On the balcony beyond, his prize awaits him. No longer the dark ghost, Anakin is restored to his former self, finding balance in the presence of Padmé. As he pleads for her to take his hand, things take a truly dark turn as every bit of hope he had on this adventure is stripped away. Padmé leaps off of the ledge and in an instant, she is gone forever. His love will never live again. And the man, the Jedi, Anakin Skywalker is dead. Only Vader remains.



Yet, as darkness consumes him completely, a dash of hope is visible on the horizon. The beam of brilliant azure light comes crashing to the ground in the distance. From the light emerges a new figure, one he has never seen before, a young man, a Jedi. From the young Jedi, the light explodes to encompass the Sith lord as the darkness is purged from him in death. But it was all a dream. Darth Vader is back in his broken body on Mustafar, forever changed by his encounter with the Force. Having learned all he needed to, the dark lord destroys the portal and contacts the Emperor to report for duty.



This issue was just flat out excellent. In a series with an already high standard, the bar was raised even higher with this entry, and future Star Wars stories will do well to be even half as good as this series has been. From start to finish, Soule and Camuncoli have done an amazing job, and wow, what a finish. Soule is a great writer and perhaps one of the best in modern comics. But Giuseppe Camuncoli is the star of the show in this final issue. So much of the story was on his shoulders in this finale, and oh boy did he deliver.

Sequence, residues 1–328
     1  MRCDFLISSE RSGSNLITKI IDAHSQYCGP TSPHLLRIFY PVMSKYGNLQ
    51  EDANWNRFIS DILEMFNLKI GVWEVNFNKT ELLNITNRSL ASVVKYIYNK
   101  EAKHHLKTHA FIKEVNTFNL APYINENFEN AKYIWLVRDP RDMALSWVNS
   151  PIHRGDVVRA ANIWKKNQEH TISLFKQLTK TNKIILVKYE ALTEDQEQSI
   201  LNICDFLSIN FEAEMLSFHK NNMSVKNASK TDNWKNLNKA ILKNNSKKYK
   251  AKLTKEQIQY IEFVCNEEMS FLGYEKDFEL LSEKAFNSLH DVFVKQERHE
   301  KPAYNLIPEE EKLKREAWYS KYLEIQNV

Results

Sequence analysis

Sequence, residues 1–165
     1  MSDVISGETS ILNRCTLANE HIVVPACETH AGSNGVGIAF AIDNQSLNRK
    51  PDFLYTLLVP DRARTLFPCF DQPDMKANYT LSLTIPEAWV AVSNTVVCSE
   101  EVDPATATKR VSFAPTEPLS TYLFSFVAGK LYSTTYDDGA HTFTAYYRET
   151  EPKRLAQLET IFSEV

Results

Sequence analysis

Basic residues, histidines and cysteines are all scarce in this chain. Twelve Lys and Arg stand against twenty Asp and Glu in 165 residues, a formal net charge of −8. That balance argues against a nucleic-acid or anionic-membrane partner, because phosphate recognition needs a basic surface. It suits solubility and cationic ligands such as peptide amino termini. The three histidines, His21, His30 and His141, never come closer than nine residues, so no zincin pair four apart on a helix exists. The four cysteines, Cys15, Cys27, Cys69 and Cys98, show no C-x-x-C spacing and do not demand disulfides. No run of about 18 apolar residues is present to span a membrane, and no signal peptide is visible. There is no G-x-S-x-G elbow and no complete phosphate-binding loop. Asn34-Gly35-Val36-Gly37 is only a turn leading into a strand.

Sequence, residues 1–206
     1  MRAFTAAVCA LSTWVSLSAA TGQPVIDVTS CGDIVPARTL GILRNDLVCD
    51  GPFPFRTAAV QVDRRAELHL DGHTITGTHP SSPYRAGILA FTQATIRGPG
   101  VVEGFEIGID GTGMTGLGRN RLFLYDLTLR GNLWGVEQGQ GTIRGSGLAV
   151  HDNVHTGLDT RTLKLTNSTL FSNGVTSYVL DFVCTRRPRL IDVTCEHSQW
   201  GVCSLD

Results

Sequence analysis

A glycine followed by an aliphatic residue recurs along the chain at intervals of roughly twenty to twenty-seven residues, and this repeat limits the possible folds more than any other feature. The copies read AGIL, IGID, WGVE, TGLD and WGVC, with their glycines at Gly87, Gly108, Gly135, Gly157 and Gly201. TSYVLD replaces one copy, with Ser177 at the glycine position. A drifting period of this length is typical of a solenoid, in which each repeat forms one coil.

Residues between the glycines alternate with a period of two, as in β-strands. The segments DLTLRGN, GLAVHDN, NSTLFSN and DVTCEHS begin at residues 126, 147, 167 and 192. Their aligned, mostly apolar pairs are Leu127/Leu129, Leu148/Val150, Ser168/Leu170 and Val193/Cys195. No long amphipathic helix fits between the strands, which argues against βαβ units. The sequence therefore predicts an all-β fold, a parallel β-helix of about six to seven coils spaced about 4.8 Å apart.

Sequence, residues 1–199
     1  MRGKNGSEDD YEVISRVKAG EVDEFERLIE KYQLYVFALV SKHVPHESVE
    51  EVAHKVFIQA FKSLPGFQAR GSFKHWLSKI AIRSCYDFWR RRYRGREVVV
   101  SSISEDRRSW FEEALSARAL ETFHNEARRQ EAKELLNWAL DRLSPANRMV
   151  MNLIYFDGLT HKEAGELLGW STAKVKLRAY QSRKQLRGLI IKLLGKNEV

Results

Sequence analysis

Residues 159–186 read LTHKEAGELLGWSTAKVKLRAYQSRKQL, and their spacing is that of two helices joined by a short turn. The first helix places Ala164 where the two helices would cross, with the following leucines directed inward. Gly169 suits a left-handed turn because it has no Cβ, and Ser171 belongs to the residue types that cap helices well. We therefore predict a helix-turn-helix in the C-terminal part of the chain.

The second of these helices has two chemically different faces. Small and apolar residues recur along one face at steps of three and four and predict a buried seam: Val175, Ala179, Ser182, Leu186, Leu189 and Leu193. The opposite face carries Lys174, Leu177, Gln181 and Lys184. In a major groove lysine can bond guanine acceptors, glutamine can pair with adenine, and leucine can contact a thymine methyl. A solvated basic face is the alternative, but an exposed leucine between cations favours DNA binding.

Score: 10/10


Darth Vader #25 is available now in a comic shop near you or online at Comixology. Happy reading comic fans!



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Jordan Pate is Co-Lead Editor and Senior Writer for Star Wars News Net, of which he is also a member of the book and comic review team. He loves all things Star Wars, but when he's not spending time in the galaxy far far away, he might be found in our own galaxy hanging out in Gotham City or at 1407 Graymalkin Lane, Salem Center, NY.

Jordan Pate (Hard Case)

Jordan Pate is Co-Lead Editor and Senior Writer for Star Wars News Net, of which he is also a member of the book and comic review team. He loves all things Star Wars, but when he's not spending time in the galaxy far far away, he might be found in our own galaxy hanging out in Gotham City or at 1407 Graymalkin Lane, Salem Center, NY.